This is the year of the European Banking Union. The European Union designed a surveillance mechanism of big banks and, if need be, their resolution. Banks should be able to fail and to be wound up. The Finance Ministers have agreed, and the European Parliament should approve the plan before the European election. If so, a European Resolution Board will have the competence to put a major bank into liquidation starting on 1 January 2015. In the US banks can be declared bankrupt. Will it be equally possible in Europe? In reality, it is unlikely. The ultimate consequence of the European Banking Union is not bankruptcy but recapitalizing big banks, taking the savings of ordinary citizens as collateral.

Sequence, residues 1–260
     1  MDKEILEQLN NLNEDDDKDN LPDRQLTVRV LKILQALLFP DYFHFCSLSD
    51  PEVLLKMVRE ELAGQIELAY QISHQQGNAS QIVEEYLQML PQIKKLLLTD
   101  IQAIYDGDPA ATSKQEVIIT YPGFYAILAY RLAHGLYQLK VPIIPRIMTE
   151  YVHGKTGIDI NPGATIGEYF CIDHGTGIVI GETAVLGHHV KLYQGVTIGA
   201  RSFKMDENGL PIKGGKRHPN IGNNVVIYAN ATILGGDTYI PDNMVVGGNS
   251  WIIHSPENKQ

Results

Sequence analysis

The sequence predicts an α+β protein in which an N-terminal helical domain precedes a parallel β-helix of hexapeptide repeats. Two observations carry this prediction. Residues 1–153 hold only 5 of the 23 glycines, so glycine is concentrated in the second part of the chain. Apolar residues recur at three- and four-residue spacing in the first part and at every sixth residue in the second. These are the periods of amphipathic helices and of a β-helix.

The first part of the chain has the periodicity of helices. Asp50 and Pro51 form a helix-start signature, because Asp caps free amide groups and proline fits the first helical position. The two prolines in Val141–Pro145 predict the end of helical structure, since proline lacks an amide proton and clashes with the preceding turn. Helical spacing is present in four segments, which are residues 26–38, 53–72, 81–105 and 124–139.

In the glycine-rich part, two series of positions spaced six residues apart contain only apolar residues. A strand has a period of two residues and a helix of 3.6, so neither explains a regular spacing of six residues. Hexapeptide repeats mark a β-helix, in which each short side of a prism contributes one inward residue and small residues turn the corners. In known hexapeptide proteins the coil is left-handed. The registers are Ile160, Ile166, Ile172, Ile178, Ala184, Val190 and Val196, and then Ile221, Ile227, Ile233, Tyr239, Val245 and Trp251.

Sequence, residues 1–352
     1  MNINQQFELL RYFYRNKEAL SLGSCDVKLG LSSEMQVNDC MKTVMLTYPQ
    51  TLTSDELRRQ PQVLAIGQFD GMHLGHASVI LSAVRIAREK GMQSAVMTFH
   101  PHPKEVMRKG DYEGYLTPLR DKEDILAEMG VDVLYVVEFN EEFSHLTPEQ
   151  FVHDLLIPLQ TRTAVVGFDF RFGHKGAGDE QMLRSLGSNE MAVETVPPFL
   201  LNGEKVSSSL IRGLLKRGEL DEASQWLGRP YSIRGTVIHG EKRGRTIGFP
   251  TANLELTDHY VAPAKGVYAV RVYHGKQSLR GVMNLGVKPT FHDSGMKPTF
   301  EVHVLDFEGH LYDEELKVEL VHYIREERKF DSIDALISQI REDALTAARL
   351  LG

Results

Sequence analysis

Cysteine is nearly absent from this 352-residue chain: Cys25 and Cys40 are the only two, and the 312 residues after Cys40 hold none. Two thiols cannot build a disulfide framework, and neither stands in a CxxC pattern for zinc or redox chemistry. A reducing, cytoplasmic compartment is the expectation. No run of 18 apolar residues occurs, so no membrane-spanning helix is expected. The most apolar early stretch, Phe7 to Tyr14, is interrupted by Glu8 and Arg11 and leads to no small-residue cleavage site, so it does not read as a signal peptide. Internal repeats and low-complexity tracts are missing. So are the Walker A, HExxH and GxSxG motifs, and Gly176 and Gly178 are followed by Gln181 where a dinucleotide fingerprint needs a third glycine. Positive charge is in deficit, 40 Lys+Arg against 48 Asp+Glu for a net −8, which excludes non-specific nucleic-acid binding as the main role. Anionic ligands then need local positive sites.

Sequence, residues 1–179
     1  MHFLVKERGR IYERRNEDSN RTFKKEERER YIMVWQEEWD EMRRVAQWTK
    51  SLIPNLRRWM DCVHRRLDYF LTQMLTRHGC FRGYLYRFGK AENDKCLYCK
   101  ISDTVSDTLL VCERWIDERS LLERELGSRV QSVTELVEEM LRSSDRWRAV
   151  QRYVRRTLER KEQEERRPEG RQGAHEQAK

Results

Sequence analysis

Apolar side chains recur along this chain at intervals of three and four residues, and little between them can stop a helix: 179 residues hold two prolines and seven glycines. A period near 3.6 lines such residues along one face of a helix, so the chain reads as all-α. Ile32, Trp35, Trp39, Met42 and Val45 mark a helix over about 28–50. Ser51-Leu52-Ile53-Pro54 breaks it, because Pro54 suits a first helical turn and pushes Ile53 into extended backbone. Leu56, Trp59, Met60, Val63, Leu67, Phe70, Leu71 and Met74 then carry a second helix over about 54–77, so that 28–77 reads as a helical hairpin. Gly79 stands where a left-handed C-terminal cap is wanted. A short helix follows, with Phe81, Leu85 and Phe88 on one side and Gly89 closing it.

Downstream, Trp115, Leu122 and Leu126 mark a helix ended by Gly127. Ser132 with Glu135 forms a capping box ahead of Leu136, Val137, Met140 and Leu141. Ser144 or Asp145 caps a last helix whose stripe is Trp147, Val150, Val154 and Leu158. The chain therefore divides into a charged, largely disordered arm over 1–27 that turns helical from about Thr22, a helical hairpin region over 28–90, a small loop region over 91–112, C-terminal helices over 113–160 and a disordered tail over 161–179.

In Europe, so-called systemic banks are inextricably interwoven with the financing of public authorities – in particular welfare states - living beyond their means. Since 2011, the European Central Bank (ECB) called upon public authorities and banks to reduce their mutual dependency, but then launched measures that generated precisely the opposite effect. To save the euro and to unclog the financial transmission system the ECB injected 1,1 trillion euro in the European banking sector. Banks were entitled to borrow substantial amounts of money at low interest rates and in return for soft collateral. However, the flow of cheap money did not enhance the granting of credit to companies but instead enabled banks to acquire big amounts of public debts, in particular in Spain, Italy and France. Currently, Spanish banks own 41% of Spanish public debt. ‘We have brought these consequences upon ourselves’, said Jens Weidmann, President of the German Central Bank, openly criticizing official ECB policy.